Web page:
cleaning out your educational drawer
by Judianne Jayme
Everyone has that drawer they toss everything into, both in the literal and metaphorical sense. As an educator, I hear new ideas and suggested practices all the time. Some, I’ll implement immediately, some I’ll “save for later” and throw into a pile that I most likely will forget about.
Only now, in my fourth year of teaching, have I begun to truly clear out that drawer. In the physical sense, it means sorting four bookcases of resources that I have had the honour of inheriting from the previous teacher. She was gracious to leave them with me, and I’ve had an adventure in trying new things each year. The challenge was when they became a security blanket. I felt safe knowing I had eight resources to teach fractions with, knowing I only actively use three. So now I have clutter, and even more current ideas and practices are coming my way. What’s an educator to do?
I began de-cluttering by filtering the resources I was 100 per cent sure of. I then donated unused resources to my fellow intermediate teachers. Anything extra, I sent down to our Resource Teacher to store or discard.
I also do this with my metaphorical drawer, which arguably is a more treacherous space than physical clutter. This is where I have the potential to become set in my practices, hesitant to try new programs. This is where I store ideas and experiences. Ideas can range from “I know that the students the past two years liked this, so I’m can expect that these students should do well too,” to “this bombed that one time, so I won’t try it again.”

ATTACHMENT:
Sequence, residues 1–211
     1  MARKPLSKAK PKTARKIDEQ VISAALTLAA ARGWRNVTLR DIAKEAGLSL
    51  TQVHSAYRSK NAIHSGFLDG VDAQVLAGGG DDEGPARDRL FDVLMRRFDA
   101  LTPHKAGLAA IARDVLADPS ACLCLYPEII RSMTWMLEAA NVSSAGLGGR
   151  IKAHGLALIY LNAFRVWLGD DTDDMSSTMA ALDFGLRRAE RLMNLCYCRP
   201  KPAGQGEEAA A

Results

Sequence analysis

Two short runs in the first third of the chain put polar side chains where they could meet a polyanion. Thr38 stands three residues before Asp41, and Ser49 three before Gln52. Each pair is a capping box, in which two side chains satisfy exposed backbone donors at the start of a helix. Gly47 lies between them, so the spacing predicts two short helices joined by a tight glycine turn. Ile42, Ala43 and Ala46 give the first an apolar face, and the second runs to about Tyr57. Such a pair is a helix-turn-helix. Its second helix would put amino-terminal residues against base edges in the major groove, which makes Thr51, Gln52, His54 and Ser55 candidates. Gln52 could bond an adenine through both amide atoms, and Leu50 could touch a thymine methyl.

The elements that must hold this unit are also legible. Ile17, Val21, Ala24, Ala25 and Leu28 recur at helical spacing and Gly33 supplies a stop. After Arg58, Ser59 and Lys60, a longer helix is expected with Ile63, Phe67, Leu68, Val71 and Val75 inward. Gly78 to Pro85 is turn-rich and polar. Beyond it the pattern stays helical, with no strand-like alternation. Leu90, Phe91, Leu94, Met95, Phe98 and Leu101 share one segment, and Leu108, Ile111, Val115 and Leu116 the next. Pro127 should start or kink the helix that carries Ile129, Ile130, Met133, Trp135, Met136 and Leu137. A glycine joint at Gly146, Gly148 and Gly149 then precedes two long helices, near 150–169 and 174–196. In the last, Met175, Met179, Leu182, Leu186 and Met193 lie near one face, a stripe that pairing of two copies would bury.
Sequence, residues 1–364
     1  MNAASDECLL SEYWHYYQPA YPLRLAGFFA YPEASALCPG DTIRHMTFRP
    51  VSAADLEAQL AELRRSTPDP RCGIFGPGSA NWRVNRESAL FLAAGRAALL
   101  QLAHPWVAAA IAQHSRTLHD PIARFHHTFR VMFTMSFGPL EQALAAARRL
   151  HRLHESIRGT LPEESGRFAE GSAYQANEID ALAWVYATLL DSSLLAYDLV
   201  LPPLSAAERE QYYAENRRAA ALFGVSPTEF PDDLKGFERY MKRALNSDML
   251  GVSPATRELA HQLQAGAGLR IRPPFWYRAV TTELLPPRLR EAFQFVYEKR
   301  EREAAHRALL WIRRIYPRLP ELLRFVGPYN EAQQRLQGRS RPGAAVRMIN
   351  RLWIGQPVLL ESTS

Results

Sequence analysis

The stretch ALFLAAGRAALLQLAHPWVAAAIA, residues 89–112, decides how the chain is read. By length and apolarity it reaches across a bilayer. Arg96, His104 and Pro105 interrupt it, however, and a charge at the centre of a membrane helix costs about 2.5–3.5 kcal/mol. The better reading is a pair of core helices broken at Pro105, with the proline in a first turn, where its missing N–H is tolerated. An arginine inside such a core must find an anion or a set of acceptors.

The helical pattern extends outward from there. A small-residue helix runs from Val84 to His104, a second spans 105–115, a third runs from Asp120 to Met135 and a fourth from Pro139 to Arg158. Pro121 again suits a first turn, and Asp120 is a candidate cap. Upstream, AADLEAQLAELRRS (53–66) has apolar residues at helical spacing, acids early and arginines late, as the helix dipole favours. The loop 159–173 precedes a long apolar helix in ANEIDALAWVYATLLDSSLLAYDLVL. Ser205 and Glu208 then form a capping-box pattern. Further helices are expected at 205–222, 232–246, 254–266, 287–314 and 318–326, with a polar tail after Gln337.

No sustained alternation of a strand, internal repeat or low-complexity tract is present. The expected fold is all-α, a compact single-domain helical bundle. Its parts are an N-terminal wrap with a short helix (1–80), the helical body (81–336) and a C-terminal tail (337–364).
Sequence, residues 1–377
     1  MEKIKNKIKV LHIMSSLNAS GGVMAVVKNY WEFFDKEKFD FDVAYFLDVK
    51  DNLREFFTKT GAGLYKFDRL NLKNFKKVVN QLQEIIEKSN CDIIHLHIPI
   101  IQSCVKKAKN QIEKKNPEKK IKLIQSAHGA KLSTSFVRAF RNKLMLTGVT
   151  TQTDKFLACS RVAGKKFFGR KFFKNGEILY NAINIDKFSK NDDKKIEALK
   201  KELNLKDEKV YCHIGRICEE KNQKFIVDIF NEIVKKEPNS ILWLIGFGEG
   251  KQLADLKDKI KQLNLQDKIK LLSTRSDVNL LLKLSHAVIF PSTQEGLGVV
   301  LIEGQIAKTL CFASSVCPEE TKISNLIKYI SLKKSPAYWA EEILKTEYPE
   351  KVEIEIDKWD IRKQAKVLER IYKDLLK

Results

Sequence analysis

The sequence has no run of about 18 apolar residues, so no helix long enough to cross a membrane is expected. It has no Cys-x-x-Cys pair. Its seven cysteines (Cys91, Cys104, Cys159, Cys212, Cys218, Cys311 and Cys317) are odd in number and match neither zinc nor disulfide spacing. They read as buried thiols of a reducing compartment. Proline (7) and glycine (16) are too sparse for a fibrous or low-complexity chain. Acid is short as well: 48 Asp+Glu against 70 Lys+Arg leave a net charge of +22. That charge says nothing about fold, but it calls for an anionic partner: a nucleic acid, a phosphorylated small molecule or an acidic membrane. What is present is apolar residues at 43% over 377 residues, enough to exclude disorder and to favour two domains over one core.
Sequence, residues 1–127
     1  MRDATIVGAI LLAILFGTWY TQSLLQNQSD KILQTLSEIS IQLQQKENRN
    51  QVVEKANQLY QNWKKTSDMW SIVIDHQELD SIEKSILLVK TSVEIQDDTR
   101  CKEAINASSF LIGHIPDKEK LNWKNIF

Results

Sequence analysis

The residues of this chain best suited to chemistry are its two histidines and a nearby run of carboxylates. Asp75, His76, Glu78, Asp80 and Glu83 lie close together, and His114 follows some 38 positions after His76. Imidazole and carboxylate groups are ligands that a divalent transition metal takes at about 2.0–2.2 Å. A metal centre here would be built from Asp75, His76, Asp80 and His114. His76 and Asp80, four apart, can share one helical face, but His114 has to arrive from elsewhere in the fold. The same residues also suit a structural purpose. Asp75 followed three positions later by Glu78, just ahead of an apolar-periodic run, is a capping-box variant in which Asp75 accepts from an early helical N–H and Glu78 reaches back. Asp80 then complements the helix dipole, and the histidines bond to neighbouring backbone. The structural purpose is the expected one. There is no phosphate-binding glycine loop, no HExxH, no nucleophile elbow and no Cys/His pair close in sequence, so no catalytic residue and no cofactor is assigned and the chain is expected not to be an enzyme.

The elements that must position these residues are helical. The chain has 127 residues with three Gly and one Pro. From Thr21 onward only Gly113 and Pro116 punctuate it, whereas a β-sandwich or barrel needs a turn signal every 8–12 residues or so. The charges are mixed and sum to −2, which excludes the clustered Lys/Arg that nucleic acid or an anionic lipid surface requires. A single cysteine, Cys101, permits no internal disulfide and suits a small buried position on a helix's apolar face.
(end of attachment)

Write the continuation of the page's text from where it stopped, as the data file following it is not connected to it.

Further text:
As an educator, I need to be flexible in my career. I need to cater to the needs of the students, not considering what’s more convenient. In order to truly work smarter, not harder, you need to understand the core needs of your students. Each new term, I learn to let go and to be open-minded with studies and suggested practices.
Parent tip: Clean-up time!
This practice of cleaning out the physical and metaphorical drawers is applicable to any lifestyle or career. Children pick up the habits of their parents. Do you find yourself leaving clutter around? I, myself, am guilty of this and, as mentioned above, I am only now going through and letting go of what could be useful to someone else.
Take time to clear out your clutter, both in your workspace, and in your head. Your children will certainly notice this habit and, when encouraged, they may see the importance and value of being open to new things, and making room for new ideas, practices, and challenges in their lives.
Judianne Jayme is an educator teaching sixth grade and a division-wide mentor in the Winnipeg School Division.